In this article we take a look at the process for this.
A Default Judgment is entered by the Court when a County Court Claim is issued, and the Defendant does not respond to the claim. This can occur when the Defendant ignores the claim or does not receive the paperwork (such as when moving to a new house).
After paying a small fee you can find out if a CCJ has been made against you by:
A CCJ can affect your credit rating. Once a CCJ is obtained it is noted on the Register of Judgments, Orders, and Fines. This information is then provided to credit reference agencies who include it on their credit reports. This means it might be difficult for you to borrow money or get credit from a bank or a shop.
A CCJ can also enable the Claimant to take enforcement action against you. This in turn can lead to more legal fees being claimed against you.
If you do not owe the debt referred to in the Default Judgment, there are certain circumstances where you can apply to Court to set it aside. The circumstances are:
A factor the Court will consider is why you did not respond to the court paperwork and the promptness in the application being made. If the Court agrees with the application, your CCJ will be removed from the Register.
If your CCJ is over 6 years old it will no longer appear on the Register of Judgments, Orders and Fines, even if it has not been paid.
If you pay the debt in full within 1 month of the date of the CCJ, you can apply to the Court have the entry in the Register removed. You will need to get a certificate from the Court to prove you’ve paid off the debt.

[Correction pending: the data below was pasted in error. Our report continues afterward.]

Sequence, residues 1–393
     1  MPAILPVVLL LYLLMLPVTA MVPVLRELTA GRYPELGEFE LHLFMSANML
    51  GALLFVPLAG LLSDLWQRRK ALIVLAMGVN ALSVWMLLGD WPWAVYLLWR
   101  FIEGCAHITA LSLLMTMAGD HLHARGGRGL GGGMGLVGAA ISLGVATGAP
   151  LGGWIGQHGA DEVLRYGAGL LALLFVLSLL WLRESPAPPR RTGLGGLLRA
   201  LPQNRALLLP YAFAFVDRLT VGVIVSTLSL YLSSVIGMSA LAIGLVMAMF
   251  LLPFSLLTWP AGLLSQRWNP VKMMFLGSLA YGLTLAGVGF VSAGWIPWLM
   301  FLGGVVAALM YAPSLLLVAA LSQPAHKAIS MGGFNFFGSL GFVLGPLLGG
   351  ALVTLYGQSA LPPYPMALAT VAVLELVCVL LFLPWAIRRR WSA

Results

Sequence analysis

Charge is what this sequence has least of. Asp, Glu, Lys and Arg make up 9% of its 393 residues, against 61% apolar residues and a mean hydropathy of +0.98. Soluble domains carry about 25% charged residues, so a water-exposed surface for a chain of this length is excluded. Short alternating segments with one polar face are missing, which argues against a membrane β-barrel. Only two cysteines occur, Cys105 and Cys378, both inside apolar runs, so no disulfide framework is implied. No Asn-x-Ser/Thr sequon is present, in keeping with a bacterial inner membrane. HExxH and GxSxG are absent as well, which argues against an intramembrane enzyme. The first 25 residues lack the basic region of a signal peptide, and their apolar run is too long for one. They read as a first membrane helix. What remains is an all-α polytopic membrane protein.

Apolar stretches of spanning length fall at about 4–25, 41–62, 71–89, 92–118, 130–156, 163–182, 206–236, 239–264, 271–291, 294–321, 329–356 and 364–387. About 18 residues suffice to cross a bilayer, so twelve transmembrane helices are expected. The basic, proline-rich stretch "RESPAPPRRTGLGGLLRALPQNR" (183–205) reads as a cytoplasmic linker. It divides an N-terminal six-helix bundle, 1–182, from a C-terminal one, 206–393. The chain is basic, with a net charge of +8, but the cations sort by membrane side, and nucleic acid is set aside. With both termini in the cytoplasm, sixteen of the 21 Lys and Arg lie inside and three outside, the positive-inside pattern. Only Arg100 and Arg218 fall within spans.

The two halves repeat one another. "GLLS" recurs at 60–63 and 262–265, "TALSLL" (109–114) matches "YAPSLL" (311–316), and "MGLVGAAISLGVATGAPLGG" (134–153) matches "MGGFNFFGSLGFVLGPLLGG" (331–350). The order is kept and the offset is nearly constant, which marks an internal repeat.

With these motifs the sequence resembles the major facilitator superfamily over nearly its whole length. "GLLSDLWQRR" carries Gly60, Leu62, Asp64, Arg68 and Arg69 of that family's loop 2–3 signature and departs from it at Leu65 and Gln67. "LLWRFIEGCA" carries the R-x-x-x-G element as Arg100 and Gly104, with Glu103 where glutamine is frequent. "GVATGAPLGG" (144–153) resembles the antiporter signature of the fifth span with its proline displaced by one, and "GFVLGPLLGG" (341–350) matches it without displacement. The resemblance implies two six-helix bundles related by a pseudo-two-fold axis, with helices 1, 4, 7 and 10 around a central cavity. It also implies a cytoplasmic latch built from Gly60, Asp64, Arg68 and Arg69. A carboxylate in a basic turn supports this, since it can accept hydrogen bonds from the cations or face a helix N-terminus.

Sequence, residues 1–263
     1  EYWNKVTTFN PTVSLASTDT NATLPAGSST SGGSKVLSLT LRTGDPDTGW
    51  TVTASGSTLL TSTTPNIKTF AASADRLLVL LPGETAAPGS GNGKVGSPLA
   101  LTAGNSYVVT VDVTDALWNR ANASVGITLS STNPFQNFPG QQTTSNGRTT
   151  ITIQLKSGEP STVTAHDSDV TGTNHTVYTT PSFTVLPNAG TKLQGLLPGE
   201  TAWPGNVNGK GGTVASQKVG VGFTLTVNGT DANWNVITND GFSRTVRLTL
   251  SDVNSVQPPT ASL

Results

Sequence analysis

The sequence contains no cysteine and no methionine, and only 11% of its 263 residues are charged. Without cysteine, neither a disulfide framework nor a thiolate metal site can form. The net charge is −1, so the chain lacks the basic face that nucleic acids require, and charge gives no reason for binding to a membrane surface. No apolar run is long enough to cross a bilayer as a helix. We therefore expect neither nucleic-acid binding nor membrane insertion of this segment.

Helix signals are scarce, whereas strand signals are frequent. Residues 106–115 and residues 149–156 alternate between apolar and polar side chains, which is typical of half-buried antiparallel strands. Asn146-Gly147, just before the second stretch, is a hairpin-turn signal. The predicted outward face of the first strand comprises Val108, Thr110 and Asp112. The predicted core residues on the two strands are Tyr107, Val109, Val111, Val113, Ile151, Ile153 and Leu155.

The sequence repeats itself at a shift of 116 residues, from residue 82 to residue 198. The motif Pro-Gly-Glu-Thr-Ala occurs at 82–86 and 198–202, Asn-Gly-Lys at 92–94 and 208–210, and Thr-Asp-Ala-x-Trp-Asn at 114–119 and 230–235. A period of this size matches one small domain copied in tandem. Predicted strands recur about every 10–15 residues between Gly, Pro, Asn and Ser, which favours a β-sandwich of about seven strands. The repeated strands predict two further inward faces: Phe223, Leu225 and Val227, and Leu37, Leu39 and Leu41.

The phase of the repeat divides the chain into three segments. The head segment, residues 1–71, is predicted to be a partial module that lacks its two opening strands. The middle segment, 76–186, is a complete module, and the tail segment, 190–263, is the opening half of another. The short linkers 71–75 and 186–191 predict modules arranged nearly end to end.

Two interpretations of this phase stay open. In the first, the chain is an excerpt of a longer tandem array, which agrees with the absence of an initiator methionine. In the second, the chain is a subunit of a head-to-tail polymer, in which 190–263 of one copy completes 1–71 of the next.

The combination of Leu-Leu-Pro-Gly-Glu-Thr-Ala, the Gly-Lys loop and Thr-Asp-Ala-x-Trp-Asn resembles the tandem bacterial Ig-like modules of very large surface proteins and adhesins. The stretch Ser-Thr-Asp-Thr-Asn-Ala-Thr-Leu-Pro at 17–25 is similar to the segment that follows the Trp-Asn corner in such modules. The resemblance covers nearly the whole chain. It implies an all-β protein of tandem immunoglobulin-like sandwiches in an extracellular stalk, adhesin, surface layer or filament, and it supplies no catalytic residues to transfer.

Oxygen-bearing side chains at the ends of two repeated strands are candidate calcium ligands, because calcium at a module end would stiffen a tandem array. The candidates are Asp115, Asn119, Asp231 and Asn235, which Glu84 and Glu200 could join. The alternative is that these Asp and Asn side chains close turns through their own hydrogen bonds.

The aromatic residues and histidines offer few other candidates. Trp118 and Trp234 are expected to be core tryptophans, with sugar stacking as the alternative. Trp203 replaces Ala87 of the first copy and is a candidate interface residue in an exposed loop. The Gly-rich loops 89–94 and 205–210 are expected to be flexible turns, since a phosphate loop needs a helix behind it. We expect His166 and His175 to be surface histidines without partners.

If you pay the debt in full after 1 month of the date of the CCJ, you can apply to the Court have the entry in the Register marked as “satisfied”. The CCJ will still stay on your credit report until the 6 years is up but your record will show that you have paid the debt. You will need to get a certificate from the Court to prove you’ve paid off the debt.
How Pinney Talfourd can help
Pinney Talfourd has experienced solicitors who regularly deal with debt recovery matters and are recommended in the Legal 500 UK. The Dispute Resolution Department is headed by Stephen Eccles and the commercial litigation department by Nick Hatchett.
Contact either team here.
The above is meant to be only advice and is correct as of the time of posting. This article was written by Oliver-James Topping, Solicitor in the Commercial Litigation Team at Pinney Talfourd LLP Solicitors. The contents of this article are for the purposes of general awareness only. They do not purport to constitute legal or professional advice. Specific legal advice should be taken on each individual matter. This article is based on the law as of May 2021.